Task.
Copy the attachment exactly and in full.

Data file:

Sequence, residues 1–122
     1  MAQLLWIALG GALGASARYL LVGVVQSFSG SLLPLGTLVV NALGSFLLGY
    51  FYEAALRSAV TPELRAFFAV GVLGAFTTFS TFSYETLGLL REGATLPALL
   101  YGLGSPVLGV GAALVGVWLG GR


Sequence, residues 1–122
     1  MAQLLWIALG GALGASARYL LVGVVQSFSG SLLPLGTLVV NALGSFLLGY
    51  FYEAALRSAV TPELRAFFAV GVLGAFTTFS TFSYETLGLL REGATLPALL
   101  YGLGSPVLGV GAALVGVWLG GR